Coastal Urban Resilience Research

New York City, as depicted during extreme flood conditions according to Rolling Stone's July 2016 article, "Can New York Be Saved in the Era of Global Warming?" that features Dr. Alan Blumberg, George Meade Bond Professor and Director of the Davidson Laboratory.

Never before have researchers been faced with a more urgent need to prepare coastal communities for extreme weather events that produce intense storm surges, conditions that lead to powerful surface waves, monsoon rains and ever-increasing sea levels.

 These catastrophic events affect not only U.S. citizens, but also the 136 port cities around the world that have more than one million inhabitants, a total population of 400 million. The world’s poor are most at risk, because they settle in and build on the least expensive land, which is prone to flooding, storms and landslides.

With such a large percentage of the global population now at risk, those who engage in solving critical problems within the built environment must now focus on feasible, imminent actions to positively influence societal responses and support community resilience.

Our team will respond to fundamental questions that address the role of engineering, science and technology as being integral to planning and managing resilient cities for the 21st century, communicating potential dangers in an effort to keep communities safe.

Using Davidson Laboratory modeling and forecasting tools, the above flood map shows the increasing water elevations during Hurricane Sandy in Barnegat Bay and Mantoloking (Ocean County, N.J.).

 Coastal Urban Resilience Research will:

  • Assist communities and property owners, both public and private, in their resiliency preparation efforts by performing assessments of potential flood risks to recommend green and grey solutions (i.e., bioswales, wetlands, oyster reefs, detection ponds; concrete or steel structures). 
  • Develop land-flooding forecasts that predict flood areas and include the amount of flooding that can be expected, and when the flooding will occur.
  • Design a curriculum to teach students and professionals of diverse backgrounds the necessary data analysis and scientific methods to make resilience in their communities a reality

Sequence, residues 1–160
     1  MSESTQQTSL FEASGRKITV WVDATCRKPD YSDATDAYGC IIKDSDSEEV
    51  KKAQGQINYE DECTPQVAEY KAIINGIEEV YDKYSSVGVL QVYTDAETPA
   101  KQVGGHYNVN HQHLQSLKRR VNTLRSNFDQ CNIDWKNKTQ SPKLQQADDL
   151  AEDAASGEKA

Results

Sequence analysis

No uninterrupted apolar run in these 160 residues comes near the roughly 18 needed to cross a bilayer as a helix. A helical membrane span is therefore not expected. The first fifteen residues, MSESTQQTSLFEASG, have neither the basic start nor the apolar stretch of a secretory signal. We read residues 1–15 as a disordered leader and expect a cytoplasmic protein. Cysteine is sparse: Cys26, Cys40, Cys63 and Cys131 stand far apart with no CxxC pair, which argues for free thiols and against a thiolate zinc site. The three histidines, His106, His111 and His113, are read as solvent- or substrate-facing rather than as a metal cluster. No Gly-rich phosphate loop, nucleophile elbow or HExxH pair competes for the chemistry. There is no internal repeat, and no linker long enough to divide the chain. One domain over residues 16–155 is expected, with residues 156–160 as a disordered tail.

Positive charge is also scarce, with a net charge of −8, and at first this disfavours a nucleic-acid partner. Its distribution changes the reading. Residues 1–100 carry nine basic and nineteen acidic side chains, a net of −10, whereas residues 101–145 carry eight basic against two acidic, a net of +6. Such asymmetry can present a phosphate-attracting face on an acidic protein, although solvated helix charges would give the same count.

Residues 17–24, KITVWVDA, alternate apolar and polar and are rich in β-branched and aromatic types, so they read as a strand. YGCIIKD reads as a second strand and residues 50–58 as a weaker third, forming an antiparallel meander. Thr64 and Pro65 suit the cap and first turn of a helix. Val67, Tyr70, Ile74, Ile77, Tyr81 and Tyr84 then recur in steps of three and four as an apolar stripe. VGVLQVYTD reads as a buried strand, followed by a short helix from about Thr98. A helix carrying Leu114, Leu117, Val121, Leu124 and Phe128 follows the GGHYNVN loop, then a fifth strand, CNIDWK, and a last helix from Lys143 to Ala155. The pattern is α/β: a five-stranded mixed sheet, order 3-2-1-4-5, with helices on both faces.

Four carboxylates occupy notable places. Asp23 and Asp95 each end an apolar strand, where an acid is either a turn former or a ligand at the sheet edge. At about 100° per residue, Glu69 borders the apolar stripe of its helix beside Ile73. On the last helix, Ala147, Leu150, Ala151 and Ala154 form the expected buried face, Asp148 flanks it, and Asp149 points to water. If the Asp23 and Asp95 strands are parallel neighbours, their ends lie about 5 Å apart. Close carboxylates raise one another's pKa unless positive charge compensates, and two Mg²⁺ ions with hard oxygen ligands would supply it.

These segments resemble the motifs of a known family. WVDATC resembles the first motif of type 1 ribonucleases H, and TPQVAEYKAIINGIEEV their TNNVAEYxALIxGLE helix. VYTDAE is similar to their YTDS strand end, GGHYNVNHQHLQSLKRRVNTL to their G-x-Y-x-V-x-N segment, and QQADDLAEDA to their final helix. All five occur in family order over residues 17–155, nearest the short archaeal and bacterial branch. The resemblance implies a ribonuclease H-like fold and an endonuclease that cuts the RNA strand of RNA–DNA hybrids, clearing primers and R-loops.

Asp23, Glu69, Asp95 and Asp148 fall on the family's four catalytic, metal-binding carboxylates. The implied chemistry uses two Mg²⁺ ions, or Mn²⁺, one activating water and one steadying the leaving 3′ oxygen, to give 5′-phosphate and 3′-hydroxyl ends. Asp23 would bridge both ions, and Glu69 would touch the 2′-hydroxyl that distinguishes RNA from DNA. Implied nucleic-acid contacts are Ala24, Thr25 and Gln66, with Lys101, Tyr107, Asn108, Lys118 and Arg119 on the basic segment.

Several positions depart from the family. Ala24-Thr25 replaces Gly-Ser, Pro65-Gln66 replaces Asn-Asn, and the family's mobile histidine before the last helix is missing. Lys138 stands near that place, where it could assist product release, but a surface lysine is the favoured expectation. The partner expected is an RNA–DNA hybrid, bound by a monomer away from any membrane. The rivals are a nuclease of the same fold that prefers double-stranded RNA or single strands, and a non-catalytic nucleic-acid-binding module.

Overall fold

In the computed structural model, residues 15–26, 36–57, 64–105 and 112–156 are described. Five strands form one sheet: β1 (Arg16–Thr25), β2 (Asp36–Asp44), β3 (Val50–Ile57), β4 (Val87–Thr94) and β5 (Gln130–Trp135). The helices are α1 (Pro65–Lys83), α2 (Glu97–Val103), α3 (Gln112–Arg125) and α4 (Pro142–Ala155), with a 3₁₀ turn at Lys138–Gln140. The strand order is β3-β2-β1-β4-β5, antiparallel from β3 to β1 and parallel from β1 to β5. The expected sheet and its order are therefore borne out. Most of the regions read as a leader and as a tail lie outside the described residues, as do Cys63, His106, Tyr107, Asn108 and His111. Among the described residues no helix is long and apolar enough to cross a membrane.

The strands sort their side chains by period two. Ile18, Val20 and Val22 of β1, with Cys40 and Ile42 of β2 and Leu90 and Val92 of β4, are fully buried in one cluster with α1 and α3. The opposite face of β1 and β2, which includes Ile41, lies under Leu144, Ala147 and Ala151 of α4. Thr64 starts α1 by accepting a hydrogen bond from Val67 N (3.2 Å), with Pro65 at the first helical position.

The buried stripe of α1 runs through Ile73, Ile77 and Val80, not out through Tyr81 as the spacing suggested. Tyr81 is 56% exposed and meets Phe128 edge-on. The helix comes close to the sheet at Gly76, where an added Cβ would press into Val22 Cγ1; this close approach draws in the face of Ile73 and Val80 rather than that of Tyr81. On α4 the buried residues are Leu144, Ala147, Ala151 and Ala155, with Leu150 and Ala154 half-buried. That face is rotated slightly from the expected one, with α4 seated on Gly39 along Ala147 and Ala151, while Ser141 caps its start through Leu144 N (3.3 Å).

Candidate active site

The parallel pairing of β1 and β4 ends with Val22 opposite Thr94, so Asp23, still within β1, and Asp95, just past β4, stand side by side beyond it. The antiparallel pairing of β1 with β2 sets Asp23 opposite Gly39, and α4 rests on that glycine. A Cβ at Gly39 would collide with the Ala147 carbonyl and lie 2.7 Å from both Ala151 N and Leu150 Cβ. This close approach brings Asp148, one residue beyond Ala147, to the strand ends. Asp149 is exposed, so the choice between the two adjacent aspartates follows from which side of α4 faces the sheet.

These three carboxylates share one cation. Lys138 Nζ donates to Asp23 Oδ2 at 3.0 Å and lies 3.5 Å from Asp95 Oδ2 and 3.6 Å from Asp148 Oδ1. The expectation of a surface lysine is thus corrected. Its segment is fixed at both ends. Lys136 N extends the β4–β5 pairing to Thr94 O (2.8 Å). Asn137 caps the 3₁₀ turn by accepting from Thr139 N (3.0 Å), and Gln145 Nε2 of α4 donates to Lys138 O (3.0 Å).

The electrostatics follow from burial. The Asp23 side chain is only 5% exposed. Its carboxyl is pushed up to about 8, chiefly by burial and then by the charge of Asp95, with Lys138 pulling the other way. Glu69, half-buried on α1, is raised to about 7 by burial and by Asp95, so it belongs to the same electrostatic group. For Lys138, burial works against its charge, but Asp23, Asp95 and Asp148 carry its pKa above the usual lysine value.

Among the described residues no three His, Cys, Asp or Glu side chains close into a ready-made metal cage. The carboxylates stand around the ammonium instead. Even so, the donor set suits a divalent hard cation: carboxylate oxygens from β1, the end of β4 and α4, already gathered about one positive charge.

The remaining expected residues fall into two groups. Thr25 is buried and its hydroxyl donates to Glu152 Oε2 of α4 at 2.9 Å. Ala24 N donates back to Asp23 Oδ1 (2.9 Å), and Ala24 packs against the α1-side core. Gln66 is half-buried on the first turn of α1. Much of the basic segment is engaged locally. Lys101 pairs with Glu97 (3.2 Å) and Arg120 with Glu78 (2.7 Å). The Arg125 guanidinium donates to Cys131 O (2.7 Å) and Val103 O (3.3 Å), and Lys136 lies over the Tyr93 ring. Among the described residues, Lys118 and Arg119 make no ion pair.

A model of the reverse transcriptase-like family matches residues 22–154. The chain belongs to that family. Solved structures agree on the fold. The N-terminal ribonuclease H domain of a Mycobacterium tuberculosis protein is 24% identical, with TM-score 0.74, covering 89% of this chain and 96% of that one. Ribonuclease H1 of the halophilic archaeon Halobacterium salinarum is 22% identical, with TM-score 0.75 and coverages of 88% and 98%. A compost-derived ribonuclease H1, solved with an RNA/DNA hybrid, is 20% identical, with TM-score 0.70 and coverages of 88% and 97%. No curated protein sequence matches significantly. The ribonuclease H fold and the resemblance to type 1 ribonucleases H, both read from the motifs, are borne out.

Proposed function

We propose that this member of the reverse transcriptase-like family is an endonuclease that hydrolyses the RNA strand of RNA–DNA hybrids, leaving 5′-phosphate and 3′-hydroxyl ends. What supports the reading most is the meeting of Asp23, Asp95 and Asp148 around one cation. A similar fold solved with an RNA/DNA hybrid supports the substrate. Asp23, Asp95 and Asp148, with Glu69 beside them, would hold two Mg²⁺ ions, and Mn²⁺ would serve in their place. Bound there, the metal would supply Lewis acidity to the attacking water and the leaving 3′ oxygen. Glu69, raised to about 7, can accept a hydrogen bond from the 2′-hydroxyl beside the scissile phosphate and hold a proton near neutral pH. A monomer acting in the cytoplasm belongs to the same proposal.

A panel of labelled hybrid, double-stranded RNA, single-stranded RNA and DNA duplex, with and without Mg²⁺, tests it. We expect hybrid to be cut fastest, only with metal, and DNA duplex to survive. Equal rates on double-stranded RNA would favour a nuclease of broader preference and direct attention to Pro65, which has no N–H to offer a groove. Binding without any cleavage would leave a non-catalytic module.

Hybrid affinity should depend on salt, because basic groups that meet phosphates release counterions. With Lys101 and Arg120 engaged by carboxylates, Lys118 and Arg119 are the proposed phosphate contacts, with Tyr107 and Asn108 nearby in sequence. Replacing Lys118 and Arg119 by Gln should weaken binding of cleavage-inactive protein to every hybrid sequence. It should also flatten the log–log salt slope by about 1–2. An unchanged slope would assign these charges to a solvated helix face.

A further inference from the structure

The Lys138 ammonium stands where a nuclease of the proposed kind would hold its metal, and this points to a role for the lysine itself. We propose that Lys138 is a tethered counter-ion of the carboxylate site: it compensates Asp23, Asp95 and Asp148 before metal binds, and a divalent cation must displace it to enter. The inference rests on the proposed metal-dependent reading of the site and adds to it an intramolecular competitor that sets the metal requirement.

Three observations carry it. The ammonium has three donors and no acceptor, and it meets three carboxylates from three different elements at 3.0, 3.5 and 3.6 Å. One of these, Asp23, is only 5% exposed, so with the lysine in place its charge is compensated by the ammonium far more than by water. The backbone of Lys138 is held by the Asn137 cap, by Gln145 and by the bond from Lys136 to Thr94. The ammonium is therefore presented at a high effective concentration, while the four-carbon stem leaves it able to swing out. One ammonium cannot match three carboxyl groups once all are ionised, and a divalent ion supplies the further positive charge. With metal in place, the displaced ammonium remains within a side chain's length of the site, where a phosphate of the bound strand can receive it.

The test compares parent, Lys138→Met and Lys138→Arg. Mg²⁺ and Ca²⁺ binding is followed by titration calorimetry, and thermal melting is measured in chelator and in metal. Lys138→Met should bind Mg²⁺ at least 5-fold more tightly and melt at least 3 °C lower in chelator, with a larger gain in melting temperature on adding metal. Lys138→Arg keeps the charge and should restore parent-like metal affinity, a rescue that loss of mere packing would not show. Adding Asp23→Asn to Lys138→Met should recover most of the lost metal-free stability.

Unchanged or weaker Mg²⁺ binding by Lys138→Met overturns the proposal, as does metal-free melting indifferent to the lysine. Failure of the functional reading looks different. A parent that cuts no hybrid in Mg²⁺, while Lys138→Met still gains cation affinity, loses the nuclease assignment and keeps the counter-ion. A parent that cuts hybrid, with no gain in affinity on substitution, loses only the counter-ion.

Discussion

• Explore the history of urban development in its natural setting, and the strategies societies have adopted to deal with extreme natural events.  Analyze the cultural, legal, economic, and philosophical approaches to settlement and risk throughout urban history.
  • Quantify the interdependency between cities and nature, especially because the paradigm goes contrary to centuries of tradition and law that posited nature as separate from humankind.

  • Contribute to a better understanding of the urban coastal region’s vulnerabilities, strengths, and interdependencies.

  • Understand the temporal and spatial variability of key atmospheric and coastal ocean parameters.

  • Address the specific questions about how cities and the coastal ocean environment will interact in the face of climate change.

  • Develop a set of “best management practices” including measures of uncertainty to guide decision making and action.

  • Create multi-scale visualization tools, that integrate climate, hydro-meteorological information, geophysical, ecological, land use, and socio-economic factors enhancing the sustainability of engineered systems.

  • Ignite creativity, innovation, and new avenues of scholarship and translate that perspective into educational achievement.  


The above flood map consists of observation data retrieved from the Stevens Flood Advisory System (SFAS), during Hurricane Sandy in Hoboken and downtown Jersey City.  This work and other resilience research in the Davidson Laboratory, represent ongoing efforts to visualize flooding, and to demonstrate these critical conditions to the general public.


Coastal Urban Resilience Research at the Davidson Laboratory

Join the prominent agencies and organizations that currently fund coastal urban resilience research in the Davidson Laboratory.

Davidson Laboratory

Coastal Urban Resilience Research

Location On Campus

Davidson Laboratory
711 Hudson Street
Hoboken, NJ 07030

Contact Types

p. 201.216.5289
e. [email protected]

Department Leaders

Dr. Alan F. Blumberg George Meade Bond Professor & Director of Davidson Laboratory